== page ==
Human Rights Commission ACT inquiries increase

JANUARY 9 2017 – 12:15AM

Emily Baker

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A gay man is told by his doctor he should “consider changing his ways” to avoid disease.

The neighbour of an Aboriginal woman seems to take her photo without her consent and leaves offensive notes on the windscreen of her car.

The same sex marriage debate has contributed to an increase in human rights inquiries.

A woman’s supervisor implies she is mentally unwell and makes her take leave, leaving her feeling pressured to resign from her job.

These are just some of the examples of the increased number of inquiries the ACT Human Rights Commission received during the last financial year.

The body dealt with 345 discrimination inquiries in 2015-16, up from 191 the year before. Human rights inquiries rose from 53 to 214.

Discrimination, Health Services, Disability and Community Services Commissioner Karen Toohey attributed the increase in queries to a growing awareness of discrimination and human rights issues.

The bulk of inquiries related to disability discrimination, she said, followed by race, sex and gender and age inquiries, most often relating services and employment.

Human rights issues often linked with hot-button topics in the media, such as the Mr Fluffy program, detainee rights and family violence. The commission also received inquiries outside its jurisdiction, including on refugees, asylum seekers and same-sex marriage.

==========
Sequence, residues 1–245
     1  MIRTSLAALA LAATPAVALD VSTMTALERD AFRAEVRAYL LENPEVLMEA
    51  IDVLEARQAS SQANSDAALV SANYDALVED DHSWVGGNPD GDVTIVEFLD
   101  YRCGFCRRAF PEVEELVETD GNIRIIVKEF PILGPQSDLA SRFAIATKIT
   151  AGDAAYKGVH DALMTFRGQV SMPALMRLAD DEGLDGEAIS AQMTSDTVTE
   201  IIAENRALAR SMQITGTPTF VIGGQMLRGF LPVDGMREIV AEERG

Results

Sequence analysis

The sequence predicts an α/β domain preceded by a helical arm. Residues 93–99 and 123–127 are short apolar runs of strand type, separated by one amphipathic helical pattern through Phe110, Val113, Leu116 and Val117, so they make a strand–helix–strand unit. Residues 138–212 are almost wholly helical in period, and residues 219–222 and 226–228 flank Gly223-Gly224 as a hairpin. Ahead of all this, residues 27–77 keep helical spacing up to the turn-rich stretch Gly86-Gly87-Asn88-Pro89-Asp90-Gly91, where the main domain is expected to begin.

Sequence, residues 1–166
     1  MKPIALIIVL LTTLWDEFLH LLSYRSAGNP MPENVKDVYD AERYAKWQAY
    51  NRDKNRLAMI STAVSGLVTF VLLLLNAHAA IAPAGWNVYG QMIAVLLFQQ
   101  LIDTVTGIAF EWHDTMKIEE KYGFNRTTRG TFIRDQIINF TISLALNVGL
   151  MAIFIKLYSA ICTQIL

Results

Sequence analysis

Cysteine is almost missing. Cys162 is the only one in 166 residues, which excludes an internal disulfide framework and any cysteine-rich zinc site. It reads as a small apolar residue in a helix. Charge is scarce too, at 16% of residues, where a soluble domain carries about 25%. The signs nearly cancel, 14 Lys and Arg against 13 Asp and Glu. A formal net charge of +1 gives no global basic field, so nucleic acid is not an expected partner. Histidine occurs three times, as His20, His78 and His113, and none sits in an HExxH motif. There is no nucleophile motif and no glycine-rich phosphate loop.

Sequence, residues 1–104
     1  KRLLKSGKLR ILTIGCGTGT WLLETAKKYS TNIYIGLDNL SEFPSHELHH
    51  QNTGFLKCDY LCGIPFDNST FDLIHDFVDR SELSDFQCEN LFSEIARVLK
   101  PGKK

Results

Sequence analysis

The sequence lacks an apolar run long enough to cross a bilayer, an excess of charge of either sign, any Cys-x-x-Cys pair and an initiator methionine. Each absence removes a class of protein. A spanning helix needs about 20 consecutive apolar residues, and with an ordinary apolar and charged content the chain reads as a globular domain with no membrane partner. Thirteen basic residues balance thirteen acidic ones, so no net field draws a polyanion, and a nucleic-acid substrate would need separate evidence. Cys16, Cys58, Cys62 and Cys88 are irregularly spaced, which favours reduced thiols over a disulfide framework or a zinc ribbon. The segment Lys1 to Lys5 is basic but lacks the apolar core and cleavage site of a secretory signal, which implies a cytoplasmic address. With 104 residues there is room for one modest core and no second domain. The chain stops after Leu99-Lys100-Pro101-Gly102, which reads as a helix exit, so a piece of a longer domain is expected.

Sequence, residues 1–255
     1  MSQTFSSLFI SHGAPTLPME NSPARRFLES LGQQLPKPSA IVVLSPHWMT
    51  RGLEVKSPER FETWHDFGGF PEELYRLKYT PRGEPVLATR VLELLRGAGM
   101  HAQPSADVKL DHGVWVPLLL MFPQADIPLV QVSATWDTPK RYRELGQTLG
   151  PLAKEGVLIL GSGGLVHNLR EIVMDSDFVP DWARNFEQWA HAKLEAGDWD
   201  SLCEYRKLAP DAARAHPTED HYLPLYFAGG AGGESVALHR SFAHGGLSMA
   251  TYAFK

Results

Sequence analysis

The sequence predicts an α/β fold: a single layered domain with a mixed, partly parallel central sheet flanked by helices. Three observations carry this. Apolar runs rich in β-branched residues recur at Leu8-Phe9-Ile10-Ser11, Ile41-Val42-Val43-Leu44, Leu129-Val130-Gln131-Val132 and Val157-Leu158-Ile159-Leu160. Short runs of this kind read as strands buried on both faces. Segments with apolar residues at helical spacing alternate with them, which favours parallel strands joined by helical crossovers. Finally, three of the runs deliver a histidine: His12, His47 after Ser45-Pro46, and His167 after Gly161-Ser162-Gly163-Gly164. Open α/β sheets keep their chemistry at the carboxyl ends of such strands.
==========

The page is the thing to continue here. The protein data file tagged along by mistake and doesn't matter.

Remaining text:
Not all inquiries resulted in complaints, though complaint allegations increased from 120 to 169.

“People do not always want to lodge a complaint with us but want to know what their rights are so they can try and resolve the matter locally, hence the number of formal complaints we get is a small proportion of the number of inquiries we receive,” Ms Toohey said.

Other examples included:

  • A man’s son with Down syndrome was afraid to go to school. He was unsatisfied with how the school handled his complaints;
  • A woman’s employer refused to change her roster to accommodate school holidays and told her to find another job if she could not work the required hours;
  • A woman who believed a team sports coach was being bullying and aggressive towards young people in the club.

Source : The Canberra Times

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